Review: FallingIce “Meatsuit”
With a fresh lineup in 2007 consisting of Vice, longtime guitarist and vocalist for the group, and new members Bem and Fab as bassist and drummer, Fallingice teamed up with UKDivision Records to begin working on a new record. Eager to create, the trio entered the studio. What arose from their recording was Meatsuit, the band’s first full-length album. In Meatsuit, Fallingice incorporates the heavy metal riffs of Godsmack with the grunge sounds of artists such as Nirvana and Puddle of Mudd, but adds a distinctive Italian twist to the mix to create a unique sound of their own.
Meatsuit kicks off with “Unclear,” a song with light guitar picking during each verse and heavier riffs during every chorus. The song details a girl who is suffering through an emotionally unstable point in her life. Fallingice does well to parallel the emotions communicated in their instruments with the emotions expressed within their lyrics. In “Unclear” particularly, emotions of anger, sadness, and hope are all fully conveyed in both the musical arrangement and lyrical accompaniment.
In 2001, “Another Day,” the band’s most popular song before the debut of Meatsuit, won Coop for Music, a popular Italian music contest. Fallingice was awarded with 20,000 copies of the song to be sold in stores throughout Italy, as well as inside of Rockstar Magazine. Vice contributes impressive guitar solos within both “Another Day” and other songs on Meatsuit, but each solo is interspersed enough throughout in a way that adds to the album and is not overbearing. “Memories” is one of the slowest songs on the album. Vice’s vocal harmonies against his own lead vocal create a very catchy, appealing aspect within the song. This synchronization coupled with the slightly softer, slower melody of “Memories” conveys the somber feeling of the rainy days and memories described within the song.
“Too Bored To Die” is very similar to the work of Avenged Sevenfold. While this is one of the heavier songs off of the album, Vice’s rough, edgy tone is still distinguishable, even when the lyrics are being screamed. Although the trio’s raging riffs add head banging excitement to the album, many of the album’s angst-infused lyrics, such as those in “Too Bored To Die,” could use a bit of juicing up. While the subject matter has great potential, the lyrics lack the strength needed to fully convey their message.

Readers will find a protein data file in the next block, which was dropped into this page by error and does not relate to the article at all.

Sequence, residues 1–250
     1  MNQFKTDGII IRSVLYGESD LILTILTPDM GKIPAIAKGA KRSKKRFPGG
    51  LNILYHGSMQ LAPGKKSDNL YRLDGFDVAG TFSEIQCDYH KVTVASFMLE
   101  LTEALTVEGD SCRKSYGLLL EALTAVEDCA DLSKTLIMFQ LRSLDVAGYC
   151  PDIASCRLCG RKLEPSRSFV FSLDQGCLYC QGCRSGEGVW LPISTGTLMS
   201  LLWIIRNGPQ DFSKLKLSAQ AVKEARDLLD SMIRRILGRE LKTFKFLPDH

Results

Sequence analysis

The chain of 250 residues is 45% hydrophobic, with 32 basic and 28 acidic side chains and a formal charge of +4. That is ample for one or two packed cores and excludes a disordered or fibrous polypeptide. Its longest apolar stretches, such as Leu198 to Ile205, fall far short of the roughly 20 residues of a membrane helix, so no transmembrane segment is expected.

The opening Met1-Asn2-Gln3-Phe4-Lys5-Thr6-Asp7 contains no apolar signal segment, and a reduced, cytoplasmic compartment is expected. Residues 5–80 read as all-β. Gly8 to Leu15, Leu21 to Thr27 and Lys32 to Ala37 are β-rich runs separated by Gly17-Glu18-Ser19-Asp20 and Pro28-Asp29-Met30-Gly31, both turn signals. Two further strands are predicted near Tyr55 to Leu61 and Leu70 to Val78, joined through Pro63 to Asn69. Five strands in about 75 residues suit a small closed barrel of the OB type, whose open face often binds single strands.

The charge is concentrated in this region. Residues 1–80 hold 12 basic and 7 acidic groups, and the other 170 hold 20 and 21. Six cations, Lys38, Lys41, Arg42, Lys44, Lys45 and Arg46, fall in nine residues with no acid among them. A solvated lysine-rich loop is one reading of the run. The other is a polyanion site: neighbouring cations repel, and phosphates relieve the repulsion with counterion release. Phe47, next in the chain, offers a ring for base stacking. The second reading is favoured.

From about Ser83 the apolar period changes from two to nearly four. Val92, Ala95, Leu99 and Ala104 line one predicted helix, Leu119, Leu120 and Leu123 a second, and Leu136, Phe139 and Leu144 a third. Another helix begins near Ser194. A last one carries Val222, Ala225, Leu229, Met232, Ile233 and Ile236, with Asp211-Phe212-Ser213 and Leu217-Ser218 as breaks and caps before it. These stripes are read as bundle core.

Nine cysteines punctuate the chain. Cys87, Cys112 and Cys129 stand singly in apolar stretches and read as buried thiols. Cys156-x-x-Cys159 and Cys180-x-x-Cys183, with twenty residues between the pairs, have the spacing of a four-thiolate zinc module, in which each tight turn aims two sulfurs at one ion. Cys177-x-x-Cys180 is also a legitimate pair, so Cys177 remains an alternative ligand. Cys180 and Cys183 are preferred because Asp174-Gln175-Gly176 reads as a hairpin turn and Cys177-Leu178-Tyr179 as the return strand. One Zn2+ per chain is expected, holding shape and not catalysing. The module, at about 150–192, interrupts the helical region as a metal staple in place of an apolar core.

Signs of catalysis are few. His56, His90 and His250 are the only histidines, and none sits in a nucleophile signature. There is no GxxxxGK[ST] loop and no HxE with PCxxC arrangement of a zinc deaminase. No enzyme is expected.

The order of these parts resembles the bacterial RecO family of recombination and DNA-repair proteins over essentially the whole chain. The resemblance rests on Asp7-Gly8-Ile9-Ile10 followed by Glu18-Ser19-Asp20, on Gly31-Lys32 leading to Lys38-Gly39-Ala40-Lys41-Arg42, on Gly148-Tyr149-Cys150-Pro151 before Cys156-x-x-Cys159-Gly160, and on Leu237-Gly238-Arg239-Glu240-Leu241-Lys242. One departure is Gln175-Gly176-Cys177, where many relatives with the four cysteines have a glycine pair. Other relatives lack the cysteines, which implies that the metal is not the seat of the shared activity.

While the additions of drums, bass, and guitar have been very well constructed throughout the whole album, the lyrics can sometimes become lost in Vice’s thick Italian accent. This is especially true on “Breathing Machine.” The overall meaning of the song can be deciphered, but there are specific words that are difficult to make out. After one or two contemplative listens, though, most of the song can be understood. Unlike some of the more mainstream rock groups popular today, however, Fab’s fast drumming does not simply help to keep the beat within a song. His varying rhythms add to the album in a positive way, enhancing the depth and intensity that can be felt in compositions throughout Meatsuit.
The aggressive attitude that Fallingice has brought to Meatsuit has made for an overall rather enjoyable album, and their Italian background certainly makes them stand out in the rock music world. The band’s musical style is spot on; Meatsuit is heavy enough for heavy metal fans, while still remaining light enough for rock and hard rock fans. With Meatsuit, Fallingice has managed to sustain numerous melodies throughout their songs without diminishing the impact of their rough, metal edges, something that many heavy rock bands fail to create.
Review by Alec Cunningham
Rating: 4 stars (out of 5)